Our coverage assumes no background in scheduling, and for stochastic scheduling topics, only a familiarity with basic probability concepts is required. In addition to its eighteen chapters, the book contains three appendices. The first reviews the salient properties of well-known probability distributions, as background for our coverage of stochastic models. It also introduces some specialized topics on which some of our advanced coverage is based. The second appendix includes background derivations related to the “critical ratio rule,” which arises frequently in safe scheduling models. Our third appendix is an introduction to the formulation of sequencing models as integer programs.
This book is an updated version of Ken Baker’s text, Introduction to Sequencing and Scheduling (ISS). ISS was published by John Wiley & Sons in 1973 and became the dominant textbook in scheduling theory. A generation of instructors and graduate students relied on that book as the key source of information for advanced work in sequencing and scheduling. Later books stayed abreast of developments in the field, but as citations in journal articles indicate, those books were seldom treated as fundamental to the study of scheduling.
Sales of ISS slowed by 1980, and Wiley eventually gave up the copyright. Although they found a publishing house interested in buying the title, Baker took back the copyright. For several years, he provided generous photocopying privileges to instructors who were still interested in using the material, even though some of it had become outdated. Finally, in the early 1990s, he revised the book. The sequel was Elements of Sequencing and Scheduling (ESS), self-published in 1992 and expanded in 1995. Less encyclopedic than its predecessor, ESS was rewritten to be readable and accessible to the student while still providing an intellectual springboard to the field of scheduling theory. Without advertising or sales reps, and without a publishing house, ESS sold several hundred copies in paperback through 2007. Another generation of advanced undergraduate and graduate students used the book in courses, while other graduate students were simply assigned the book as required reading for independent studies or qualifying exams. Current research articles in scheduling continue to cite ISS and/or ESS as the source of basic knowledge on which today’s research is being built.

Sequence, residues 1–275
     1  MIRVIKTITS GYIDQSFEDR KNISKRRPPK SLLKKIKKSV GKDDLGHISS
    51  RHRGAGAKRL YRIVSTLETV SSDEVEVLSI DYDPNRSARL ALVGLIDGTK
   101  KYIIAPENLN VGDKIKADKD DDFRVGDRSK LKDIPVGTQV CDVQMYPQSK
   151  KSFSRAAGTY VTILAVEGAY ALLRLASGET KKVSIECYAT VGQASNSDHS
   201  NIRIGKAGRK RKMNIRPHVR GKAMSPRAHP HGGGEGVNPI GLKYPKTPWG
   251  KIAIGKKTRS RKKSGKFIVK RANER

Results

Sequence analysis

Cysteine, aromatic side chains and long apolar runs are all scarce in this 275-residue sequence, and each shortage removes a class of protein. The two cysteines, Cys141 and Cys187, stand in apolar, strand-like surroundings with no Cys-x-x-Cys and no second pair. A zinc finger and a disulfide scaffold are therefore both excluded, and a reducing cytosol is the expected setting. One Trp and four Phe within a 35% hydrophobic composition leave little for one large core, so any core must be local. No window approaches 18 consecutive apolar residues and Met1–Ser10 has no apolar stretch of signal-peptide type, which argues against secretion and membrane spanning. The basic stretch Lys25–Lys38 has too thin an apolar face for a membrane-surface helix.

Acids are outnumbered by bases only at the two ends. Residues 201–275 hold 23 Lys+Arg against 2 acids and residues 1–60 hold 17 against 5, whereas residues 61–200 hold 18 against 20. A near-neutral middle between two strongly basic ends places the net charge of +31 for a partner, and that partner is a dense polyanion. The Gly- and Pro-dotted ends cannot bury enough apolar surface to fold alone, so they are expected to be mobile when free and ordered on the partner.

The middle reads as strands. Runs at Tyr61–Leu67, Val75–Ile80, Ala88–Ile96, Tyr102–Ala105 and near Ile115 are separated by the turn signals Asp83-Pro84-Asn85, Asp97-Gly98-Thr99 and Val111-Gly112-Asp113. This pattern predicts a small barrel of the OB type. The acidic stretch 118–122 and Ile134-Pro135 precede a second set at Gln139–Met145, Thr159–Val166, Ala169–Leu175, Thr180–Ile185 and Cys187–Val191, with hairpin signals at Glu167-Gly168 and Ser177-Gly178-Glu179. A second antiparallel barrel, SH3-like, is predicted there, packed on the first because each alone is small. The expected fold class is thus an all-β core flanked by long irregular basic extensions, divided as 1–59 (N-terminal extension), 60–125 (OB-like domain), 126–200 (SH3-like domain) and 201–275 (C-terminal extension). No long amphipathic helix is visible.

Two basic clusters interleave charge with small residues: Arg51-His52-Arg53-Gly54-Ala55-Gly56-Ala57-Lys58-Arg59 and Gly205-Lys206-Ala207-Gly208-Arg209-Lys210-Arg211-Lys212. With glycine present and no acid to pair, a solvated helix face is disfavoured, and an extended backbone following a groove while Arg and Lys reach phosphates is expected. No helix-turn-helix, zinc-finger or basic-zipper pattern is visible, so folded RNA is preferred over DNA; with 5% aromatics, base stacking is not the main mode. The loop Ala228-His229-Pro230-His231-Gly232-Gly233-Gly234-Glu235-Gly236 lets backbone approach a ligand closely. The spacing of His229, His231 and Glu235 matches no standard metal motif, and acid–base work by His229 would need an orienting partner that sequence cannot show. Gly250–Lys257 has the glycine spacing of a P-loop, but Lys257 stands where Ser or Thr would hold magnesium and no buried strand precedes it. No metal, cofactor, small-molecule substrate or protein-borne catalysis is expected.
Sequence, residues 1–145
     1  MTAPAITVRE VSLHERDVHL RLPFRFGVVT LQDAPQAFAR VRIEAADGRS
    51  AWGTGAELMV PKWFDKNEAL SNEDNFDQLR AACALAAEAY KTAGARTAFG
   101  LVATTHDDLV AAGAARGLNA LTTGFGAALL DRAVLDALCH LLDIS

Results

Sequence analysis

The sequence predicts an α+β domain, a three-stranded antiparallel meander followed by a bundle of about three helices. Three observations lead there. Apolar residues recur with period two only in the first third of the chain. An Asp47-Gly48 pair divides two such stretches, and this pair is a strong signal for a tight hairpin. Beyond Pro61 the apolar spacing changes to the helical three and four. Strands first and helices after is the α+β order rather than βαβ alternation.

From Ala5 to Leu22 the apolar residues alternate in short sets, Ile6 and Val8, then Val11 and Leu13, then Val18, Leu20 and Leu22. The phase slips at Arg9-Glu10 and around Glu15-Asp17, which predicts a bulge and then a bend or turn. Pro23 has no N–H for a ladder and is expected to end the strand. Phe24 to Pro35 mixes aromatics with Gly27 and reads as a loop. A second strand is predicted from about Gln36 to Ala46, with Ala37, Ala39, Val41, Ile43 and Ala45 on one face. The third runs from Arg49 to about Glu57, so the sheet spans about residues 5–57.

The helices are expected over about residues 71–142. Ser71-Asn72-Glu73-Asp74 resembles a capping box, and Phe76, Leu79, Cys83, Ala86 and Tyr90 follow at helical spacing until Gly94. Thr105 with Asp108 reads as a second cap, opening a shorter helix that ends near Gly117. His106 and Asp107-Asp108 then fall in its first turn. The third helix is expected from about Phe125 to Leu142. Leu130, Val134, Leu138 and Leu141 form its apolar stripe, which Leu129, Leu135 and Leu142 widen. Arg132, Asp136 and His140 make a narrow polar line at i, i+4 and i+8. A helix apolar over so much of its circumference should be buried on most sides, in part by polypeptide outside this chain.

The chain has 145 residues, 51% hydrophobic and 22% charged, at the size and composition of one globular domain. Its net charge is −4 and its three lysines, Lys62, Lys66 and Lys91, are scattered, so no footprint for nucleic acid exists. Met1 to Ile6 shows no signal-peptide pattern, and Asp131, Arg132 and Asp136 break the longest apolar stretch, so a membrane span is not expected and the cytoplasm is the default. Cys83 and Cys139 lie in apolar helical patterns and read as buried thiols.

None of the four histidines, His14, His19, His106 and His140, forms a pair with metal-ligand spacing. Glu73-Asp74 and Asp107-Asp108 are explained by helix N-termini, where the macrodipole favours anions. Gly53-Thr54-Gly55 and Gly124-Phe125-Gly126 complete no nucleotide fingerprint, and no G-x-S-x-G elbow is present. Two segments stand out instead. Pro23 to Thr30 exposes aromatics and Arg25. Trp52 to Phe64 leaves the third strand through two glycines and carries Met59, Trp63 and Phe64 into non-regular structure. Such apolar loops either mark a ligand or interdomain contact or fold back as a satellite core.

Perhaps the most important topic missing from ESS was stochastic scheduling. With the exception of the chapter on job shop simulation, almost all the coverage dealt with deterministic models. In the last 15 years, research has focused as much on stochastic models as on deterministic models, and stochastic scheduling has become a significant part of the field. But traditional approaches to stochastic scheduling have their limitations, and new approaches are currently being developed. This book updates the coverage of ESS, integrating the basics of safe scheduling as well as traditional stochastic scheduling. Its title reinforces the experiences of two generations of students and scholars, providing a thread that establishes this volume as the latest update of a classic text.